Interaction and threshold effects of appraisal on componential patterns of emotion: A study using cross-cultural semantic data.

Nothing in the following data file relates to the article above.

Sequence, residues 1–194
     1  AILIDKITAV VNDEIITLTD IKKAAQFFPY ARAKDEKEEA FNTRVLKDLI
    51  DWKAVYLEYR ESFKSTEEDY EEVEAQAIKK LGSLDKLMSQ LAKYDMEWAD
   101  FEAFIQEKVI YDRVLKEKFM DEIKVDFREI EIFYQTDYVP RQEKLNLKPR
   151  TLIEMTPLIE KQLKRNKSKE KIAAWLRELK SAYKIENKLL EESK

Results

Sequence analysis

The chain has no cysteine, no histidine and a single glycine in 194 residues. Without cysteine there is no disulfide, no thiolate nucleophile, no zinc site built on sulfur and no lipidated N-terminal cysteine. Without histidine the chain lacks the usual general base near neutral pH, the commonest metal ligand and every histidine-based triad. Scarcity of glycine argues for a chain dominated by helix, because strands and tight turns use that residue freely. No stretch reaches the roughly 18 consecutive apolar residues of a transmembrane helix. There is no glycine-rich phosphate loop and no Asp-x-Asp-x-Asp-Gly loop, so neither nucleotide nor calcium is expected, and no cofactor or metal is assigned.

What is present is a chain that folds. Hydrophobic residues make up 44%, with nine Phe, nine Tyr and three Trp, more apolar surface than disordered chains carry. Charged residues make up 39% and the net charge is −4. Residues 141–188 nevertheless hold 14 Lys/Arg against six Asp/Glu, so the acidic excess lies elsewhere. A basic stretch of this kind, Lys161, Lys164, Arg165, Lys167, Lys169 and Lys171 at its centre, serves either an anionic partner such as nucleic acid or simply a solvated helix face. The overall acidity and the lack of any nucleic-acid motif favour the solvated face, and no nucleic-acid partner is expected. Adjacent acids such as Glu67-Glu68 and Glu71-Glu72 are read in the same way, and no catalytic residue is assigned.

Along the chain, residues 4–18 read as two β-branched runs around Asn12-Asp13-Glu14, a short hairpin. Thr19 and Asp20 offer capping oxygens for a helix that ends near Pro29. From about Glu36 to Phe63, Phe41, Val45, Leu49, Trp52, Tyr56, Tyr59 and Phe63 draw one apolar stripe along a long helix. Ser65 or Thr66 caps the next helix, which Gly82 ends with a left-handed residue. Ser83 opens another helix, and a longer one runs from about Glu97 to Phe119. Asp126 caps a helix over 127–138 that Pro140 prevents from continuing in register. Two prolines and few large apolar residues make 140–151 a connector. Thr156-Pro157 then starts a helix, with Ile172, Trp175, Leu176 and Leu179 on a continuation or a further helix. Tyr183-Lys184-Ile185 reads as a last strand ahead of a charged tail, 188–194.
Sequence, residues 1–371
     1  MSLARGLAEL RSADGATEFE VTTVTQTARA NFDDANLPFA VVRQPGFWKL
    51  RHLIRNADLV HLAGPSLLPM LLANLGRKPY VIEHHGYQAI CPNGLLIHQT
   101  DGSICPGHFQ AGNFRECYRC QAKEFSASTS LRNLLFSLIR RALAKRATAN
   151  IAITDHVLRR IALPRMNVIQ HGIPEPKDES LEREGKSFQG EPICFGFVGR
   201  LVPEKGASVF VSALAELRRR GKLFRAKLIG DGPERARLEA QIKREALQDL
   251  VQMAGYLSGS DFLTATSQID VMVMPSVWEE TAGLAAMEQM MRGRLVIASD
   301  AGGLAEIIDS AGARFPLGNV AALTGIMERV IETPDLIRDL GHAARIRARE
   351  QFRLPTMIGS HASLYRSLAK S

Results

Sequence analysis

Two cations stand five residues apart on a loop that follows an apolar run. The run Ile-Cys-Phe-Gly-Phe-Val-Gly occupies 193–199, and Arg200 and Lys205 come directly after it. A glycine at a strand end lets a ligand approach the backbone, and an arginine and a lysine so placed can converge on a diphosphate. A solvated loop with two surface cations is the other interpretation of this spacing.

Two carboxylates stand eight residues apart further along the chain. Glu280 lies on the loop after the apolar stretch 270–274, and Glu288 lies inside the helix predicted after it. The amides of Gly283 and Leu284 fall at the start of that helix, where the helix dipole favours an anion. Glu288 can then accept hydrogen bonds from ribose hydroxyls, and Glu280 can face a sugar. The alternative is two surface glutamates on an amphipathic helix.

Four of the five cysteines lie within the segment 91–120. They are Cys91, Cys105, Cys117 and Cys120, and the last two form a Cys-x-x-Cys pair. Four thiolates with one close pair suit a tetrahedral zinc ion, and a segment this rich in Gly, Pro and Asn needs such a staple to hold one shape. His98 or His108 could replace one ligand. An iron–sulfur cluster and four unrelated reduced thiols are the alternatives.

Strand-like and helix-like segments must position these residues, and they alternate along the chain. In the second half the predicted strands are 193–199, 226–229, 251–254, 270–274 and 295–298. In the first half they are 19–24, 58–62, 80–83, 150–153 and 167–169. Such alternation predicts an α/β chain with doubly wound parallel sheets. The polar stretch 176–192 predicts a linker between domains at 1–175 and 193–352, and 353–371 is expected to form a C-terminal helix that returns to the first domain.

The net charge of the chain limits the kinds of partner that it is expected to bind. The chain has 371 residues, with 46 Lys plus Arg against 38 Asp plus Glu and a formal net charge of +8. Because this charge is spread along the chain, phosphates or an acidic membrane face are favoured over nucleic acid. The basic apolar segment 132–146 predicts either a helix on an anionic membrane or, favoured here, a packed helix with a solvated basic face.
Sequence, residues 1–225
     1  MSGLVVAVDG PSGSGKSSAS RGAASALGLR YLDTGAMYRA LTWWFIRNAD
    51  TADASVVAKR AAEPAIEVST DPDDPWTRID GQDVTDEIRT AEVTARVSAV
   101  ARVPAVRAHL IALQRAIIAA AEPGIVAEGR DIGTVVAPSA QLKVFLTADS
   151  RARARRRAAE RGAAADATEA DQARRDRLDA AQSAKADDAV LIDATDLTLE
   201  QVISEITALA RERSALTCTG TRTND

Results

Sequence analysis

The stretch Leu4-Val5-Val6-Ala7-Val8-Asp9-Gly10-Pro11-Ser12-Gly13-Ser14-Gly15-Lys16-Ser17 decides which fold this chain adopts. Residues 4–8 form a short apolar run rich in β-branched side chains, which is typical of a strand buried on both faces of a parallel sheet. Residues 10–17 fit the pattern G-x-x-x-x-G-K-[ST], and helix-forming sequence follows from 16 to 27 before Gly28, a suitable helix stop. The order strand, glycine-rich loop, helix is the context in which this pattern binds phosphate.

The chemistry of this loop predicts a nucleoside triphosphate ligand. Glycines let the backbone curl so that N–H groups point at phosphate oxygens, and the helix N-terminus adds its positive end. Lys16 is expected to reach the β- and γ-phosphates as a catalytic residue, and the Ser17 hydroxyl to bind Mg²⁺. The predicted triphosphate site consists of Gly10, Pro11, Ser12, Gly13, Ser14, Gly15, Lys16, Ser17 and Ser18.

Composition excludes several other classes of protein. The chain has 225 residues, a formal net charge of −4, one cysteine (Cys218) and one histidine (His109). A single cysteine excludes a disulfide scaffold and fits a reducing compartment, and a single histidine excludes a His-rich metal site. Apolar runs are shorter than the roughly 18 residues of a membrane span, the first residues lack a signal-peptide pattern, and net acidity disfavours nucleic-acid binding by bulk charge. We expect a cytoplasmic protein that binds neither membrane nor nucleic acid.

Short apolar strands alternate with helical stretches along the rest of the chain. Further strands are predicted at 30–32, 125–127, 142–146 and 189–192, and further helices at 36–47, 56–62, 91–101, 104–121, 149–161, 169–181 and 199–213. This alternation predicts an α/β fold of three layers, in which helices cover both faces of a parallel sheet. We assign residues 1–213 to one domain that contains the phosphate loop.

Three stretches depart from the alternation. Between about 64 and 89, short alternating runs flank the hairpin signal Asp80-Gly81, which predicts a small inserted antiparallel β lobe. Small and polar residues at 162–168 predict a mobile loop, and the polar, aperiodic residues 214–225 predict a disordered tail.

Studies that investigated the relation between appraisal and emotion have largely focused on the linear effect of appraisal criteria on subjective feelings (e.g., the effect of appraised goal obstruction on anger). Emotional responding can be extended to include more than just feelings, however. Componential definitions of emotion also add motivation, physiology, and expression. Moreover, a linear model is not compatible with the idea held by many appraisal theorists that appraisal criteria interact to produce emotional responding. In the present study, we modeled adaptive nonlinear interaction effects of appraisal criteria on motivation, expression, and physiology simultaneously. We applied a combination of principal component analysis for data reduction and multivariate adaptive regression splines (MARS) for automatic interaction identification. Data were obtained from a large-scale cross-cultural study on emotion concepts conducted in 27 countries, which represented semantic profiles of component information in 24 common emotion words. Results of modeling indicated that (a) appraisal of relevance, familiarity, goal compatibility, coping potential, and suddenness showed main effects on component responses; (b) appraisals of agency and norm compatibility uniquely showed interaction effects on component responses; (c) interaction effects explained significant variance only in some component responses but not all; and (d) the emotion patterns simulated by the fitted MARS model could be clustered according to qualitative emotion categories. (PsycINFO Database Record (c) 2019 APA, all rights reserved)